Whaikoorero: a study of formal Maori speech
Mahuta, R. T. K. (1974). Whaikoorero: a study of formal Maori speech (Thesis, Master of Arts (MA)). University of Auckland, Auckland, New Zealand. Retrieved from http://hdl.handle.net/10289/11485
Permanent Research Commons link: http://hdl.handle.net/10289/11485
Whaikoorero is regarded as the traditionally valued mode of communication. It is the language of the marae, the language of the chiefs and elders, and the only acceptable form of public statement in the Maori world. At the same time it is an artistic form, difficult to master, and demanding long years of practice and experience. It is true, as I have pointed out, that one can read and listen to the myths and traditions of the Maori in books, on tapes, and through radio broadcasts. Yet it is the public rendering, the synthesising of myth and tradition, the living and the dead, and the interweaving of topical matters with the beliefs and values of the society, which hold the greatest interest for the Maori. For in whaikoorero history is relived, man reaffirmed, and status gained. The dead are recalled to participate with the living in social gatherings where tradition is orally transmitted, reaffirmed and relived. These then are some of the reasons why whaikoorero persists as a literary form and as a social feature within contemporary Maori society.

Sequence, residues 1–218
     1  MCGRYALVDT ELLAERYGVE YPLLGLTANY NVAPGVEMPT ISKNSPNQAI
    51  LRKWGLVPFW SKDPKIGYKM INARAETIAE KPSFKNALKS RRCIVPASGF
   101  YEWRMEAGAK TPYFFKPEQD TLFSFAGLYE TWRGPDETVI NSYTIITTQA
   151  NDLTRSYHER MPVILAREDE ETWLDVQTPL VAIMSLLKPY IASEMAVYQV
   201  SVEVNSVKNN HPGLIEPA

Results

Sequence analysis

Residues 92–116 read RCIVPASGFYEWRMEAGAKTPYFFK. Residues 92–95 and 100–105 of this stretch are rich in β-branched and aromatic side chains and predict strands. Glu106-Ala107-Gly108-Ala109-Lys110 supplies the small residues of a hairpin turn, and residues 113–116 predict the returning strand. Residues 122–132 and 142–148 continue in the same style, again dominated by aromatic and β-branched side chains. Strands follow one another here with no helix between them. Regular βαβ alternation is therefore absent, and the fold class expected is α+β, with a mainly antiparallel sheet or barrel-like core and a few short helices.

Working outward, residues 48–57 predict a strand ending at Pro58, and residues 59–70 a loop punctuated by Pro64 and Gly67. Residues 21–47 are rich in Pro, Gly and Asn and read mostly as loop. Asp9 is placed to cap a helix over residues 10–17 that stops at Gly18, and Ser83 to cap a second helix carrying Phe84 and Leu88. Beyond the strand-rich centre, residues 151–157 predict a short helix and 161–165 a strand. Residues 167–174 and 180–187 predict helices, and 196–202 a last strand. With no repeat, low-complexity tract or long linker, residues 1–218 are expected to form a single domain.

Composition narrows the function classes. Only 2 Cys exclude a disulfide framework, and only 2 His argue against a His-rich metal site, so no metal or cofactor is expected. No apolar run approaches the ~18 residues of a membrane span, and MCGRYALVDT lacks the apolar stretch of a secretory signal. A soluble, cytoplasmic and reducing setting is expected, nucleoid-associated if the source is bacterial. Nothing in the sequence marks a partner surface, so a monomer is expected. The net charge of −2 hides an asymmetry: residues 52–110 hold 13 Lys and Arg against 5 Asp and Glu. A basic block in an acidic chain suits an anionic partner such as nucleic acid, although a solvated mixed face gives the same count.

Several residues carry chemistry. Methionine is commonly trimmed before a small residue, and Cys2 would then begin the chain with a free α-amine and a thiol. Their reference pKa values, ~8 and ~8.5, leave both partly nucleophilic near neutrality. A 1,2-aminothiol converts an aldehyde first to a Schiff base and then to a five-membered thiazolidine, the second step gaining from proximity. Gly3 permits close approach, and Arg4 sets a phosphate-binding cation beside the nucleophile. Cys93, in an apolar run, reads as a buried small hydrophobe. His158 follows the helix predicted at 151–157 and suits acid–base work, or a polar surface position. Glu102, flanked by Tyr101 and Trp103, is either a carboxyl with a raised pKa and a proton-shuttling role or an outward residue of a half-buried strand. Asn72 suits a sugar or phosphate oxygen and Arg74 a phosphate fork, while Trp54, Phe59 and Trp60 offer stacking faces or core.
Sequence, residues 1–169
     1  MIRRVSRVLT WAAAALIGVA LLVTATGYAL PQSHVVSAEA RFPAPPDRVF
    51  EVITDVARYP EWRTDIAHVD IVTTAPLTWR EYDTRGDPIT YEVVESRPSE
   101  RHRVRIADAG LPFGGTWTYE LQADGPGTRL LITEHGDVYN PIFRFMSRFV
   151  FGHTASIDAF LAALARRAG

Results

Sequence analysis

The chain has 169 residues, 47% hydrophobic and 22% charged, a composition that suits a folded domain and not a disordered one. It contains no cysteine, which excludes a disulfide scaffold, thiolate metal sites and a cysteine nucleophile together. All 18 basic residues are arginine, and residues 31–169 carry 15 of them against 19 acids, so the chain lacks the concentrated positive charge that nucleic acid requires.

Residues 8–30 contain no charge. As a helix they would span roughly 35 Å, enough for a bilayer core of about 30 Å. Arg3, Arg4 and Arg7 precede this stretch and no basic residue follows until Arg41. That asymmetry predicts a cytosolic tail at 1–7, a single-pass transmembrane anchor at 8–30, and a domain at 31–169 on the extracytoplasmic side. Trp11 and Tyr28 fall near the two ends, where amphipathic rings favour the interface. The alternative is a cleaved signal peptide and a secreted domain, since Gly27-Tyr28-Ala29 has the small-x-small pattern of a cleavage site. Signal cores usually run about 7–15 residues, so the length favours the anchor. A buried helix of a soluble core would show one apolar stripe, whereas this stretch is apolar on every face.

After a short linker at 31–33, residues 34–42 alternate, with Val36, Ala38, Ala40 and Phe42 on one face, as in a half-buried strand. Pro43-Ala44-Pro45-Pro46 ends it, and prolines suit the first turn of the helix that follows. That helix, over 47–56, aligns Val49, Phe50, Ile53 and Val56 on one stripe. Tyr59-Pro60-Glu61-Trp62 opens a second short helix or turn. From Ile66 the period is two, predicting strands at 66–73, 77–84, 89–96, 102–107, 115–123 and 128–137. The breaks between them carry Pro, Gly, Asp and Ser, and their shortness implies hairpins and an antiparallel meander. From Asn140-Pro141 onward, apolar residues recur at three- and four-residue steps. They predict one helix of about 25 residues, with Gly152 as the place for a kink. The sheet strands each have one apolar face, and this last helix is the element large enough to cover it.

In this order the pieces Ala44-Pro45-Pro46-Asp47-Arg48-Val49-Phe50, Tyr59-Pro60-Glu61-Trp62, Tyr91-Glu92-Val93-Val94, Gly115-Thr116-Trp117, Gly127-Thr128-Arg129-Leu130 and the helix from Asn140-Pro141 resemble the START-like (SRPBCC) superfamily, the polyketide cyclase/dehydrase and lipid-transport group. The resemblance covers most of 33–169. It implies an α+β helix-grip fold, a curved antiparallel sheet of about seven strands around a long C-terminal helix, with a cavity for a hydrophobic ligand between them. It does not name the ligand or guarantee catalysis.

University of Auckland
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